DR. T. V. PADMA
Although well recognised by her male colleagues, Somerville did face some amount of discrimination. But this only gave her an opening to fight for women's rights.In 1835, Mary was elected member of the Royal Astronomical Society (along with Caroline Herschel), becoming one of the first two women to receive this honour. The King of England decided to grant her a pension of 200 pounds a year. Spurred by her success, Mary completed three other major works: Connection of the Physical Sciences, Physical Geography, and Molecular and Microscopic Science. She was 89 when she completed her fourth book. She was well recognised by her male colleagues. Once, Sir John Herschel wrote to ask her to try out a powerful new telescope that an Italian colleague, DeVico, was using. Clearly, he valued Mary's judgement more than that of any male colleague. Although Mary was the most qualified person to judge DeVico's claims, she was unable to do so. Her gender hindered her. As a woman, she was forbidden to enter the monastery, the Collegio Romano, where the instrument was housed.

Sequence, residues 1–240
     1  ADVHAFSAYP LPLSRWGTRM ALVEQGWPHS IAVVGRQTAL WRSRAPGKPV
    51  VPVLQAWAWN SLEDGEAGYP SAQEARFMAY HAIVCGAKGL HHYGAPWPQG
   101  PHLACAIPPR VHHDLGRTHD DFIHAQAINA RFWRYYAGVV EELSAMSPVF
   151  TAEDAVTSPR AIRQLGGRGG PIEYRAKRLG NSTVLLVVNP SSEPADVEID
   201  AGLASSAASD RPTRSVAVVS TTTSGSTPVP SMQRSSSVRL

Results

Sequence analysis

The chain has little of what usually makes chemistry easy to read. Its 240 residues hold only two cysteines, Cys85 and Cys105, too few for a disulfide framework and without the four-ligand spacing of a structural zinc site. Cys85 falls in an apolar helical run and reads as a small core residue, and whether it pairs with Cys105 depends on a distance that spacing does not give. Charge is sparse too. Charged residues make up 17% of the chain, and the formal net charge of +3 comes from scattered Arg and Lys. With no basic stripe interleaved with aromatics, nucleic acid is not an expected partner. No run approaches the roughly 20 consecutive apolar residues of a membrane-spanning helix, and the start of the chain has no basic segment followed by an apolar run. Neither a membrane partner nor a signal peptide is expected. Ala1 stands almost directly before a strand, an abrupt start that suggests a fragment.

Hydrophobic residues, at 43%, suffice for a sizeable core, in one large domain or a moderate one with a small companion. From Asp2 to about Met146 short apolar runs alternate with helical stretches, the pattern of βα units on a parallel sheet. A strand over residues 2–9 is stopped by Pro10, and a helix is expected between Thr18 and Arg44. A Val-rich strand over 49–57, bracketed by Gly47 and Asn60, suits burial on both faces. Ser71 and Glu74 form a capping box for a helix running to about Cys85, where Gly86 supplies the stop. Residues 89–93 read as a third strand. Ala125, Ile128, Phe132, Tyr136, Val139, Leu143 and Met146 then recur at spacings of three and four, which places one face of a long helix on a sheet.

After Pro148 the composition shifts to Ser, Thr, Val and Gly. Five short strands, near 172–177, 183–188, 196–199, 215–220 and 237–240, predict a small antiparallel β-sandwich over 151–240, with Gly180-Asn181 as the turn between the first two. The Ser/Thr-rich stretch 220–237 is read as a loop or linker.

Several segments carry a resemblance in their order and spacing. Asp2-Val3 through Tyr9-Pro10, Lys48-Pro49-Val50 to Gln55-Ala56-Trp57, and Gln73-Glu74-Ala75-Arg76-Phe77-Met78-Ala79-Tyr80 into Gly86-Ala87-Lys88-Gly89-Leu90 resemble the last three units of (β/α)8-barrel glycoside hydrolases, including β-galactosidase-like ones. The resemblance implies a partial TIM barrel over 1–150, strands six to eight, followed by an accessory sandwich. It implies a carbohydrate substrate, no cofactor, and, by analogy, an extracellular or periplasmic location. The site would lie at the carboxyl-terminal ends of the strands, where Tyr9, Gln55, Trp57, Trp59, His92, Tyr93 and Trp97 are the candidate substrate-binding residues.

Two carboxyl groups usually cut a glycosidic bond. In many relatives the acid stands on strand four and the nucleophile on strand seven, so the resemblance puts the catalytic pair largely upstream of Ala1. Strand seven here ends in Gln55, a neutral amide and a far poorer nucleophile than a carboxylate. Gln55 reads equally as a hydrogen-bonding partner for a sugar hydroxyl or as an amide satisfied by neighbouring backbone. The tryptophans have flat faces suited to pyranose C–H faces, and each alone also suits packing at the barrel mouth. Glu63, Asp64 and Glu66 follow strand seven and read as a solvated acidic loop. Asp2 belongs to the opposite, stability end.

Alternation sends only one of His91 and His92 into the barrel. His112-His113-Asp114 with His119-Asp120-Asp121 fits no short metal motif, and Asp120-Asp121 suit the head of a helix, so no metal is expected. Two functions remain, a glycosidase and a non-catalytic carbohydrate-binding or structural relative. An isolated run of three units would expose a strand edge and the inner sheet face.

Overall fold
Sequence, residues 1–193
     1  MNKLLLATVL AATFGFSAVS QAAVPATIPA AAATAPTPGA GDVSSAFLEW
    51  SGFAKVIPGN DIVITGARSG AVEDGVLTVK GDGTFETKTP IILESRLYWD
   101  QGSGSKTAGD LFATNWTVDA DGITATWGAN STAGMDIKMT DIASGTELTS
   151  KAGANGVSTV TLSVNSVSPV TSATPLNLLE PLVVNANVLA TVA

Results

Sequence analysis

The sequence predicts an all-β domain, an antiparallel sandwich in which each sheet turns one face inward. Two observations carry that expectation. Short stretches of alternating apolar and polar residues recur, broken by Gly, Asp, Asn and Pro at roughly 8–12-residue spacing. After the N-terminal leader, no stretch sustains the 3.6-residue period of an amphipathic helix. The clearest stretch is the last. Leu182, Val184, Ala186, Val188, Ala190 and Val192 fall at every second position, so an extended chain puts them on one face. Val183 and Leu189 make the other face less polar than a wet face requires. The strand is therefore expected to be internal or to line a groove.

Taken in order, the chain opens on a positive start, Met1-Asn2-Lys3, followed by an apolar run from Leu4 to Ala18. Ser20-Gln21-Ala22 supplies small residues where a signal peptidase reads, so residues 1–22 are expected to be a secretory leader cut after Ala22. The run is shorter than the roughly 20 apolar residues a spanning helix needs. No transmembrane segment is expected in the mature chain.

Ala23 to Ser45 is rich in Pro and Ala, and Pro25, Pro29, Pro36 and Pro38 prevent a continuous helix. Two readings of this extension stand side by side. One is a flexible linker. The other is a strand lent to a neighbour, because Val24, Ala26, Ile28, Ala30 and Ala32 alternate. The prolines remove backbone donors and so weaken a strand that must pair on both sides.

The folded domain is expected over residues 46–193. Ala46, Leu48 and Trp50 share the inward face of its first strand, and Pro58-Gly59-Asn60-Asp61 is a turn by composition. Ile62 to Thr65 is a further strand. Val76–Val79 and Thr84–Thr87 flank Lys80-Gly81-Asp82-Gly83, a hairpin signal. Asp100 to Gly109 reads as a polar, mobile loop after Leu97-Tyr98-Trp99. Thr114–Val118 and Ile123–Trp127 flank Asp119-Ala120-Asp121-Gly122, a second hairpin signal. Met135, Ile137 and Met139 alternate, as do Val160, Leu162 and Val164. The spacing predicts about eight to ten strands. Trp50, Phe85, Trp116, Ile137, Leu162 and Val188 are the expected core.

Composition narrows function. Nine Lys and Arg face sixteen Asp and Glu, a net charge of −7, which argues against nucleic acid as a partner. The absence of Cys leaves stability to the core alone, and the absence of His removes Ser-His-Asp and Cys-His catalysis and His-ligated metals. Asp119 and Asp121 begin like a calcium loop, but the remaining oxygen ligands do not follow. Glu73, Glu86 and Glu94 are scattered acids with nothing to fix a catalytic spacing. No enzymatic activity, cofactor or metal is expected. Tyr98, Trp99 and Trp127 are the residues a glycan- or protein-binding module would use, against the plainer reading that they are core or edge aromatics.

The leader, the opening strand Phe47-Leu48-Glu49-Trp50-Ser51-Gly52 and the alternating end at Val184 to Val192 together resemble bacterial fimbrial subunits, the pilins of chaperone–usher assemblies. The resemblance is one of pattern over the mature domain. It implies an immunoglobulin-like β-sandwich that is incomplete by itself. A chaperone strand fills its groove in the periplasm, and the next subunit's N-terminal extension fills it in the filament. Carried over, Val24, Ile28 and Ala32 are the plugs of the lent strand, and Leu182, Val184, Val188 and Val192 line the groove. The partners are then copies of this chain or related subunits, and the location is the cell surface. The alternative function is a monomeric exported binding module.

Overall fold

Till the endThe discrimination Mary suffered opened her eyes to the causes of others. She refused to use sugar in her tea during the American Civil War, in order to protest slavery, because sugar was a result of slave labour. After the American Civil War, when emancipated male slaves were technically allowed to vote, a right still denied to women, Mary became an ardent supporter of women's rights. She passed away peacefully, in her sleep, in Naples, Italy, in 1872. Until the time of her death, she continued to work on mathematics. After her death at the age of 92, Somerville College at Oxford University was named in her honour.